At moments of sorrow and exhaustion, it is only too easy to look back over the years and feel that our lives have, in essence, been meaningless. We take stock of just how much has gone wrong: how many errors there have been; how many unfulfilled plans and frustrated dreams we’ve had. We may feel like the distraught, damned Macbeth who, on learning of his wife’s death, exclaims at a pitch of agony that man is a cursed creature who:
…struts and frets his hour upon the stage,
And then is heard no more. [Life] is a tale
Told by an idiot, full of sound and fury,
Shakespeare, Macbeth, Act 5, scene 5
No life can avoid an intermittently high degree of ‘sound and fury.’ The question is whether it must also, ultimately, signify nothing. As Macbeth’s lines hint, this will depend on who is telling it. In the hands of Shakespeare’s (bracingly termed) ‘idiot’, the story of a life may well turn into unintelligible and dispiriting gibberish. But with sufficient compassion and insight, we may equally be able to make something different and a great deal more meaningful and redemptive out of the same material.
Only a small number of people ever self-consciously write their autobiographies. It is a task we associate with celebrities and the very old – but it is, in the background, a universal activity. We may not be publishing our stories, but we are writing them in our minds nevertheless. Every day finds us weaving a story about who we are, where we are going and why events happened as they did.
Many of us are strikingly harsh narrators of these life stories. We declare our achievements puny, we berate ourselves for our faults, we perceive only the negative sides of our characters. We constantly give the advantage to the other side. We may feel we’re being objective, but it seems we’re really rehearsing the case for an especially vicious imaginary prosecution.
Yet there is nothing necessary about our methods or our verdicts. There could be ways of telling very different, far kinder, and more balanced stories from the very same sets of facts. Good – by which is meant fair-minded and judicious – narrators know how to display a range of narrative skills that keep unfair, partisan and confidence-destroying lines of attack at bay.
For a start, these good narrators accept that lives can be meaningful even when they involve a lot of failure and humiliation. Mistakes are not dead-ends, they are sources of information that can be exploited and put to work as guides to more effective subsequent action. The sound and fury can be made to yield hugely significant insights.
The good storyteller appreciates that a life can remain meaningful even when it contains long passages that might appear, at first glance, to be merely a waste of time. We may spend a decade not quite knowing what we want to do with ourselves professionally, trying out a number of different jobs and never settling in any of them, testing our parents and enduring the scepticism of our friends. We may go through a succession of failed relationships that leave us confused and hurt. But these experiences don’t have to be dismissed as merely meaningless. The wandering and the exploration may be intimately connected to our eventual development and growth. We needed the career crisis to understand our working identities; we had to fail at love to fathom our hearts. We cannot get anywhere important in one go. We must forgive ourselves the horrors of our first drafts.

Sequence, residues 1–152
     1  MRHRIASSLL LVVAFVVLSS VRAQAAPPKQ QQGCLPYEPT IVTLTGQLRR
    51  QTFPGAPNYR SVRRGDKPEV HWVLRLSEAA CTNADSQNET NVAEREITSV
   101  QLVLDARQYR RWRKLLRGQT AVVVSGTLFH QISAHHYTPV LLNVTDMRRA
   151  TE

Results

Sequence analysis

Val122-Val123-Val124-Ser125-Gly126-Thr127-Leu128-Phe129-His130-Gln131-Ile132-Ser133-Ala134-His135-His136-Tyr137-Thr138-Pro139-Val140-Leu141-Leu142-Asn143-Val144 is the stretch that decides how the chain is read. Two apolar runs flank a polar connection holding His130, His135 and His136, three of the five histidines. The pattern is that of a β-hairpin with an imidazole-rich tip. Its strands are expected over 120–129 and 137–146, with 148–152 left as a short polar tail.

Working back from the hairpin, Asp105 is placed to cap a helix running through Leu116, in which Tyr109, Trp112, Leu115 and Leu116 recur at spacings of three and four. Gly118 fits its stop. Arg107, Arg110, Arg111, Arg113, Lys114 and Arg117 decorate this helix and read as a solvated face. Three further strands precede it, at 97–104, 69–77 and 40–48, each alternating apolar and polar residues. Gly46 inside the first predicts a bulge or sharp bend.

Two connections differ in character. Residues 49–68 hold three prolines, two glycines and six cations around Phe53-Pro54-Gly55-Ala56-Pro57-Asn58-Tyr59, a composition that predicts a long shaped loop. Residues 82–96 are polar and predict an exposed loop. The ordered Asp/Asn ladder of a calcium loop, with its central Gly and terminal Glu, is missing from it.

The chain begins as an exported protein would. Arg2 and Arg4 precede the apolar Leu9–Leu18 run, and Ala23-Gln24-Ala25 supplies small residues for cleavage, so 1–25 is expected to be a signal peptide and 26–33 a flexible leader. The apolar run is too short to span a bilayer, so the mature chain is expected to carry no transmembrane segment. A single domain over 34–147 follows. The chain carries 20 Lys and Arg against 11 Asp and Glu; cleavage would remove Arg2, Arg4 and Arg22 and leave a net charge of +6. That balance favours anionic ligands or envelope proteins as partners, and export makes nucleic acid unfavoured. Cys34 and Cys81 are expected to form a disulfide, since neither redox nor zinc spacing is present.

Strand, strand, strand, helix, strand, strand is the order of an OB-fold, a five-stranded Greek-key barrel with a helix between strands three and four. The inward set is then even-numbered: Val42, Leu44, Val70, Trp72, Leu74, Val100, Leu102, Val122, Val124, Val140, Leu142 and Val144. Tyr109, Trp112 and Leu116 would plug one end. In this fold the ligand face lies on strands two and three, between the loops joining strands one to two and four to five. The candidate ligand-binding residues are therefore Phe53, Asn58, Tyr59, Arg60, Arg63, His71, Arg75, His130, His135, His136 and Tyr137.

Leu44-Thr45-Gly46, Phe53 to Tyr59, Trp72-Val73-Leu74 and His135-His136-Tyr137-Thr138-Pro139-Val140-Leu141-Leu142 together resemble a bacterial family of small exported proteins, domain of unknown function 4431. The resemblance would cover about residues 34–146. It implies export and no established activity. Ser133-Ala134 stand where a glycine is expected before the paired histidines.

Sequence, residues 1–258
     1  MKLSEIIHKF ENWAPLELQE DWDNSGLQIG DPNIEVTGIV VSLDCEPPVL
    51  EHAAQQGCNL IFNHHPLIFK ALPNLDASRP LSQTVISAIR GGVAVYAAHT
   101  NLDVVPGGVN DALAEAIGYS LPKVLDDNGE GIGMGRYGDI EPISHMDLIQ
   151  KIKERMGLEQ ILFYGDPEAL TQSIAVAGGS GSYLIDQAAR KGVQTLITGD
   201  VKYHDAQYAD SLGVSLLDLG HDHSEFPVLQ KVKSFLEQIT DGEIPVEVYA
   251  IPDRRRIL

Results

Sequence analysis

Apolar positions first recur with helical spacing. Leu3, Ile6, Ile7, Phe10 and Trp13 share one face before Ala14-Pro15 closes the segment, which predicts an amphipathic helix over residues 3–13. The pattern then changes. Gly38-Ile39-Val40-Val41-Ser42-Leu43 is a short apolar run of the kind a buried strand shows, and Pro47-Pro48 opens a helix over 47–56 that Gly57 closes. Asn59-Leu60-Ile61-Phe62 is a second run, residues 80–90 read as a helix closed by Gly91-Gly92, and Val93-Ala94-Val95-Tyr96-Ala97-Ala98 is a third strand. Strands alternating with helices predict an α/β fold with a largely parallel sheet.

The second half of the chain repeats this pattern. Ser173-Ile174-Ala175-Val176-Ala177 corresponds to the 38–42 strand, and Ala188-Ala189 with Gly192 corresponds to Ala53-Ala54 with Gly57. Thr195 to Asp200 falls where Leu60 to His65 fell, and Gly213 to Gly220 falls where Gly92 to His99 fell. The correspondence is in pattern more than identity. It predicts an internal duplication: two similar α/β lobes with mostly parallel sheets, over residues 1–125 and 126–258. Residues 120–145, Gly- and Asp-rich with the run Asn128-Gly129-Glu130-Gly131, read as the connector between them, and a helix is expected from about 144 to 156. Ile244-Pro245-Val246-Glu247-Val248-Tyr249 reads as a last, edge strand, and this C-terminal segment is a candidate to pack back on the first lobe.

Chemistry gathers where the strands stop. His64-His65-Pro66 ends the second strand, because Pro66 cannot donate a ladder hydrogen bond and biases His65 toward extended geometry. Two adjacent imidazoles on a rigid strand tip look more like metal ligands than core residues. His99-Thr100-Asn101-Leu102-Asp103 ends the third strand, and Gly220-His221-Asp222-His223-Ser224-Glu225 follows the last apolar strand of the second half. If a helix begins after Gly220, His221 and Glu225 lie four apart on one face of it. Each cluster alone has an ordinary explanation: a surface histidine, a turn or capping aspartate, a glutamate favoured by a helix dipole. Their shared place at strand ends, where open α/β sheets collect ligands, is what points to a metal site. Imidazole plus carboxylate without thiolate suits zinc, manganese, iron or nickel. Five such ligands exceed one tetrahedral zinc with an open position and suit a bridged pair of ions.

The good storyteller recognises too – contrary to certain impressions – that there will always be a number of players responsible for negative events in a person’s life. We are never the sole authors of either our triumphs or of our defeats. It is therefore as unwarranted (and as egocentric) to take all the blame as to assume all the credit. Sometimes, it really will be the fault of something or somebody else: the economy, our parents, the government, our enemies or sheer bad luck. We should not take the entire burden of our difficulties upon our own shoulders.
Good narrators are compassionate. At many points, we simply could not have known. We were not exceptionally stupid, we were – like all humans – operating with limited information, trying to interpret the world with flawed and blinkered minds under the constant sway of emotion, damaged by our pasts and only selectively capable of reason and calm.
Finally, good narrators appreciate that events can count as meaningful even when they aren’t recognised as such by powerful authorities in the world at large. We may be holidaying in a tent rather than the Presidential suite, hanging out with our grandmother rather than a pop group, teaching children to read rather than buying and selling companies – and nevertheless lay claim to a legitimately meaningful life. We should not let false notions of prestige interfere with our attempts to focus on the bits of our life stories that actually satisfy us. We should allow ourselves to be the most important audiences to, and assessors of, our performances.
At our death beds, we will inevitably know that much in our life stories didn’t work out, that there were dreams that didn’t come to pass and loves that were rejected, friendships that could never be repaired, and catastrophes and hurts we never overcame. But as good story tellers, we will also know that there were threads of intense value that sustained us, that there was a higher logic we sometimes followed, that despite the agonies, our lives were not mere sound and fury; that in our own way, at select moments at least, our stories made sense.
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